What I’ve learned about being white.

I’ve been sitting on this idea for awhile, feeling a bit hesitant to write about it. There’s so much out there right now, with Ferguson and other stories captivating our nation’s attention. A lot of it is such good stuff, and I don’t want to add to the noise unless I have something to say. If you read this post, or you follow me on Twitter, you know that I’ve been watching closely. I can’t look away. This is too important for my generation, and the one coming after it. But then I saw this last week, and I knew it was time to speak up. I couldn’t even read the entire piece because it made me sick to my stomach. This was me, you guys.

I grew up at a privileged, Christian school with a solid and consistent group of black friends. It was a K-12 school, so I literally went through life with the same people for over a decade. Like all kids do, we’d get hung up on certain trends and jokes. There was the Why does it have to be a color thing? response whenever the word black was used in any sort of context in the classroom. There were comments about oreo cookies when we’d line up for photos at parties. I put a Confederate flag sticker on my truck when I turned sixteen, and nobody ever said a word to me about it. I even watched as two of my black friends made a joke about watermelon when picking out candy one time.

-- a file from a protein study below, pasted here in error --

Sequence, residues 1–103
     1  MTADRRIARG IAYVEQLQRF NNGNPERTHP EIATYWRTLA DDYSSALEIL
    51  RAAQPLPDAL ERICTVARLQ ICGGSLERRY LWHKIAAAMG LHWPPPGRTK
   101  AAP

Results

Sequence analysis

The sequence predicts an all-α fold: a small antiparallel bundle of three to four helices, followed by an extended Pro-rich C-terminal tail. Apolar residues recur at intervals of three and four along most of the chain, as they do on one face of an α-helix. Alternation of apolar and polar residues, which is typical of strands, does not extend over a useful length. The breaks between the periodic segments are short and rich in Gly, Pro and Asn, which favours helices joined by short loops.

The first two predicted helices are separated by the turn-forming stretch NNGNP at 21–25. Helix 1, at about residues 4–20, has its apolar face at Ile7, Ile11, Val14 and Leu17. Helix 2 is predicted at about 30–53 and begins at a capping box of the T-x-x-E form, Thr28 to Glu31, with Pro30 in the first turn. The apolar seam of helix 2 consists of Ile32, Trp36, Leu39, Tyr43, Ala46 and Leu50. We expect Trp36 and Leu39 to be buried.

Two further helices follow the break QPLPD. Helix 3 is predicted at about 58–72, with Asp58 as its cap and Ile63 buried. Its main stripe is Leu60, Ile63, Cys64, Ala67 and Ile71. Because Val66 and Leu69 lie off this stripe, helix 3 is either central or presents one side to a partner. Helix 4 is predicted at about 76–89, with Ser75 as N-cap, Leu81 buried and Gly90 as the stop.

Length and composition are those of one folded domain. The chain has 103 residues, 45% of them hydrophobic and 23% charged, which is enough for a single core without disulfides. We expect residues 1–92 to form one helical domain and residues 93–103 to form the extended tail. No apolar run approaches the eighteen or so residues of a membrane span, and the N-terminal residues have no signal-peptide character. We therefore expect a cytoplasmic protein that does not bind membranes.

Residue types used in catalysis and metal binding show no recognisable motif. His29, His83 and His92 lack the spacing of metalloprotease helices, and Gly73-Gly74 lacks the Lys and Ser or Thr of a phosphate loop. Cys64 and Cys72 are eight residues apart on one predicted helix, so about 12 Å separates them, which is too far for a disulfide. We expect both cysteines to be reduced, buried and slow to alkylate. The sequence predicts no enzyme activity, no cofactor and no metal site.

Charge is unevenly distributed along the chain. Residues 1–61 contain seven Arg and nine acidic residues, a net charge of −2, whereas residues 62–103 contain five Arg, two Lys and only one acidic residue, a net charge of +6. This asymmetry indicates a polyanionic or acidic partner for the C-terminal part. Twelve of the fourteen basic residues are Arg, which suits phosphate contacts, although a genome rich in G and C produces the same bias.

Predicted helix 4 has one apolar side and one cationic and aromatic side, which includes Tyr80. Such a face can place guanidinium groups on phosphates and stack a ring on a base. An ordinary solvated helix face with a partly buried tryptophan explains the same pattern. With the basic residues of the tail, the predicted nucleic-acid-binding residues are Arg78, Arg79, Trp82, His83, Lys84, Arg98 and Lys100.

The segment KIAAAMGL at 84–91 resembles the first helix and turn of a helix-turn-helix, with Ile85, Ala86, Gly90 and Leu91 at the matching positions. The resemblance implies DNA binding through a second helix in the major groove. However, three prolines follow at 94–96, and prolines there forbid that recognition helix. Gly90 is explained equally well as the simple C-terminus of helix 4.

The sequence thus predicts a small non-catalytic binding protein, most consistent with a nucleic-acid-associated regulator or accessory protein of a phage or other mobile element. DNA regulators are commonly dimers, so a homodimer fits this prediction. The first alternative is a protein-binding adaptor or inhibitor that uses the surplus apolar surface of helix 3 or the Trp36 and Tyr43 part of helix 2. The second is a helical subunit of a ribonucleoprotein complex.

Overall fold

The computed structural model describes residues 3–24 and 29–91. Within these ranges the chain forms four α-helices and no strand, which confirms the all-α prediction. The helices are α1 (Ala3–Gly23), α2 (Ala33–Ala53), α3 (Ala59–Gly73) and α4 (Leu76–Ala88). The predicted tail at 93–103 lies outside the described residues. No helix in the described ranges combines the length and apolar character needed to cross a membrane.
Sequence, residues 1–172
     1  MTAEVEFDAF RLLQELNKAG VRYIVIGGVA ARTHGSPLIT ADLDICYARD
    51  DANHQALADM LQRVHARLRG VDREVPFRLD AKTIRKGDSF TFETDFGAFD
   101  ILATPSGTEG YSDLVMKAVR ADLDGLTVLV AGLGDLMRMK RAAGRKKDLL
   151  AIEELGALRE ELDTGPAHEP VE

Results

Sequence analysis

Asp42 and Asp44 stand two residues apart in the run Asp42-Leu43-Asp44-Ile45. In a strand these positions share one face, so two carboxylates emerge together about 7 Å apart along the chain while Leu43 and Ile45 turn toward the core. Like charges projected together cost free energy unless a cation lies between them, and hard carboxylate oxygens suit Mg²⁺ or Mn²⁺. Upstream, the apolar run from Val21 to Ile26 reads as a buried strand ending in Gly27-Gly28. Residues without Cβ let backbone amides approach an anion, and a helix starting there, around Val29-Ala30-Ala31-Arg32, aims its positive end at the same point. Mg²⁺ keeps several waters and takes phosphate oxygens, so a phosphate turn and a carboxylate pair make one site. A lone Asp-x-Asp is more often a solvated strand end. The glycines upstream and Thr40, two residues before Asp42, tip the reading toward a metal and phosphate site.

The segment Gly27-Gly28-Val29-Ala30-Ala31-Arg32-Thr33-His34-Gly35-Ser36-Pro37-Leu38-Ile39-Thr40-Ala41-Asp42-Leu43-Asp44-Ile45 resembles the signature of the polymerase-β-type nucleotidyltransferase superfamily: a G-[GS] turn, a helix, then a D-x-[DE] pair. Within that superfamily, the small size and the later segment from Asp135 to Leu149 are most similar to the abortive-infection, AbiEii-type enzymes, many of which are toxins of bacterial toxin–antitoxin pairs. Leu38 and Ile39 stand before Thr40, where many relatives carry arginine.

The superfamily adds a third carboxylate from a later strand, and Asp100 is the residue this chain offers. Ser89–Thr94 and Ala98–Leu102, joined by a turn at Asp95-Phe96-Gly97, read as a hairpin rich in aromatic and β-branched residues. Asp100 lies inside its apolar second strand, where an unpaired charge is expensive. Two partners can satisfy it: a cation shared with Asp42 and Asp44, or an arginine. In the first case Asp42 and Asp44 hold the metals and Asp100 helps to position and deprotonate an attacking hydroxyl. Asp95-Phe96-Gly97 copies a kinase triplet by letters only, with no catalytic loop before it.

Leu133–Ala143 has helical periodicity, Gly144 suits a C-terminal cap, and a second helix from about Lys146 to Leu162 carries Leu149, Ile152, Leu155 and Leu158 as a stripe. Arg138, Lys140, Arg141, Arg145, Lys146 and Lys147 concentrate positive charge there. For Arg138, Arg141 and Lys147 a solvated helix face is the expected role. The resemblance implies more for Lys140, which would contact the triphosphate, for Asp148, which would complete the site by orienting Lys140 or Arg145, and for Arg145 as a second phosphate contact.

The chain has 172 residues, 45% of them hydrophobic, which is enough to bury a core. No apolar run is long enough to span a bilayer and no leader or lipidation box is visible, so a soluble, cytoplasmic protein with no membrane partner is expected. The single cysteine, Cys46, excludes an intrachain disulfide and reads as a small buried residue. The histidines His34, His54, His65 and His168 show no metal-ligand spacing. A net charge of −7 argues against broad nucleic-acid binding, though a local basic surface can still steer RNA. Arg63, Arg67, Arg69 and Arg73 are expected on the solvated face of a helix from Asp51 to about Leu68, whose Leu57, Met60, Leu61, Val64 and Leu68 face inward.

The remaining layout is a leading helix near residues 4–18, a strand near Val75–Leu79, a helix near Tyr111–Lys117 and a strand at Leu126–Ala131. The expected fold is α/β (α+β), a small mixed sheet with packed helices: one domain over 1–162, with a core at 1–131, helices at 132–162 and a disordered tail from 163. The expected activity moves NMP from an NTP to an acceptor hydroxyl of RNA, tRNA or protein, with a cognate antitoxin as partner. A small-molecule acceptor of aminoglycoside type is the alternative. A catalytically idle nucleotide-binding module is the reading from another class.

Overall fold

I assumed it was all in good fun, until the day I made one of those comments to them. They were so gracious with me, but they absolutely put me in my place. You don’t get to make those jokes, Rach. About that same time, I noticed someone had scratched f*** you through the Confederate flag sticker on my truck. I asked one of my black friends if he was offended by it, and he spoke such wisdom to me. If you have to ask, why have it up there at all?

I’m grateful I didn’t make it out of high school without such valuable lessons. I quickly learned a thing about being a white girl with black friends. I quickly learned a thing about being white in general. I’m a spectator to a culture and background that is not my own. It’s an honor to be a part of it, sure. I’m grateful to get in the mix and learn about it and bring value to it. But their story is not my story. Their past is not my past. The jokes and the comments and the flags were never pointed at me. These weren’t my feelings at stake. Thank God my friends of color were gracious and gentle with me. I’ve kept up with them throughout the years and repeated the sentiments over and over. I’m sorry. I’m grateful. I’m listening.

Of course, this can go beyond race. I could get much broader and talk about respect in general. Just because your friend jokes about his nose doesn’t give you freedom to poke fun. Just because your coworker complains about the burden of a special-needs child doesn’t give you license to join her. But let’s stay on race today, for just a minute. It’s incredibly tender and difficult to stay on a topic like this because it makes people uncomfortable. So let’s get uncomfortable and stay there.

I have the freedom to feel however I want. I can laugh at jokes and make comments and put flags in places. That’s my right. However, I do not have the right to assume that people feel the way I do or understand my heart. I do not have the right to explain or defend my way into living a lifestyle that devalues people. My intentions will never speak louder than my actions. As a white person, I don’t think I have the right to feel any sort of way about how people of color should feel or should think.